grass hill country
a boy rides bareback
over red earth

across the old bridge
I still find myself checking
for La Llorona


Whilst La Llorona and the Bunyip are legends from very different cultures, both have served to warn children away from the dangers of watery places, for fear of being taken by these dreaded entities. Trumbull’s haiku ring true. Embedded in the present moment are layers of the past, of other times and experiences.

Some initially mysterious things and activities in A Five-Balloon Morning became familiar ones for me after a bit of quick research: ‘jacklighting’ is identical to ‘spotlighting’ – hunting small animals, mostly rabbits, with rifles at night.
     jacklighting
     a rustle in the bushes . . .
     the rabbit dies

rural speed limit  the necessary bullet hole


Some sights on a country road in New Mexico seem to be as obligatory as they are in Australia. The two haiku above evoke a blokey culture quite unlike those of city and suburban areas.

There are haiku that seem iconic of New Mexico and its neighbouring USA states, such as the strangely beautiful desert scene in ‘pale moon’. The bone-white moon and the bleached pelvis bone of the mule seem in communion. In ‘Roswell gas station’, we find that the now legendary town still gets some strange-looking visitors.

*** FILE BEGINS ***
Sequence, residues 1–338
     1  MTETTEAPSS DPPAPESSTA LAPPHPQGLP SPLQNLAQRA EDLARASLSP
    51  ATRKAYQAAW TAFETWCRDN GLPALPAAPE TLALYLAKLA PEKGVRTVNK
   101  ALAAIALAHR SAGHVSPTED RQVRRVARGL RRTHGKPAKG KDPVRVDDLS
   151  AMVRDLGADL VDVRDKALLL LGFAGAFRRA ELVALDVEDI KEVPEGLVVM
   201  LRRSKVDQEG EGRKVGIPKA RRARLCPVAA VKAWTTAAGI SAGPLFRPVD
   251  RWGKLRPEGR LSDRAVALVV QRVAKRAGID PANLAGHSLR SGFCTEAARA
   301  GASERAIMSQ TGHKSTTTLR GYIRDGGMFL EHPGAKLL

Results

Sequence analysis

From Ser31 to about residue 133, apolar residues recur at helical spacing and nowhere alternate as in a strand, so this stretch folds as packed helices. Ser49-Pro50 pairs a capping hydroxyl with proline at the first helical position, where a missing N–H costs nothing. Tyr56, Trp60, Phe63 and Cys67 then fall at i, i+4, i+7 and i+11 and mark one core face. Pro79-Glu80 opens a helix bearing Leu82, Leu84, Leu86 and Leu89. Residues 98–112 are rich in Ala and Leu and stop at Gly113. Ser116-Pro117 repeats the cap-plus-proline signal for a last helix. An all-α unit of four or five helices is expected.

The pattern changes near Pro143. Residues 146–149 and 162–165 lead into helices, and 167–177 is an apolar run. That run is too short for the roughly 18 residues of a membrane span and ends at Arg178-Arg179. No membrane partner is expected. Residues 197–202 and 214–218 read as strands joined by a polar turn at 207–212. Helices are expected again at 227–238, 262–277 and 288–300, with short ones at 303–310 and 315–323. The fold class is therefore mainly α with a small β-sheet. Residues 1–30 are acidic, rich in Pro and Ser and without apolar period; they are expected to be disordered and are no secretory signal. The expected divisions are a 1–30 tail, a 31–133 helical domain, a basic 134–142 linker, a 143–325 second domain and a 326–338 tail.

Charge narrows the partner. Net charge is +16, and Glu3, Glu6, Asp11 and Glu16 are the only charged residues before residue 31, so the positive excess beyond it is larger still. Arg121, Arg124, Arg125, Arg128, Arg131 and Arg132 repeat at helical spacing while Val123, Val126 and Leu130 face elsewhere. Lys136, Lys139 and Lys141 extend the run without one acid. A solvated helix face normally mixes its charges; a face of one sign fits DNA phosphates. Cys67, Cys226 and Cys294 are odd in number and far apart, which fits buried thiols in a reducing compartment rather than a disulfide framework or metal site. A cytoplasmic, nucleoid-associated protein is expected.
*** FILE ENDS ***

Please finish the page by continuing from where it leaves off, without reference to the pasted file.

pale moon
through the pelvis of a mule
desert quietude

Roswell gas station
two goths ask the way
to the UFO site


The fourth section, ‘Trinity’, is a sequence which, in Trumbull’s own words “… records, journal-style, impressions from a visit to the Trinity Site in October 2011.” All the facts needed to understand the significance of the Trinity site are given in this introduction, which is written in clear, succinct reportage. It begins: “Human history changed in a flash on July 16th, 1945, with the first explosion of an atomic bomb . . .” In context of the significance of the development and deployment of the atomic bomb, it’s not surprising to find layers of uneasiness rising and shifting through the images in the haiku.

Trinity Site
in the guard’s vehicle
fuzzy dice

we drive through the gate
feeling very American—
weeds through asphalt

65 years:
the persistence
of trinitite

we leave the site
in the malpais
sand shifts slowly


In that last haiku, above, the literal slowly shifting sand also evokes the sense of time, events and thought shifting slowly but ceaselessly, never settling.

A Five-Balloon Morning, Charles Trumbull’s paean to New Mexico, USA, could inspire more haiku writers, spread as we are over two hemispheres and many world regions, to write more bravely from the hearts of our own localities. Perhaps we all, wherever we’re located, might draw confidence from his example and write more freely about place without worrying whether this or that editor will ‘get it’ or could be bothered to make the small effort of a little research. Though the Spanish and Spanish-derived terms that crop up frequently on these pages were unfamiliar to me, with a little help from Google and dictionaries, I’ve found in A Five-Balloon Morning more than enough to convince me that haiku with all four feet planted firmly in a particular place and its local terminology is, happily, no longer the sole province of traditional Japanese haiku.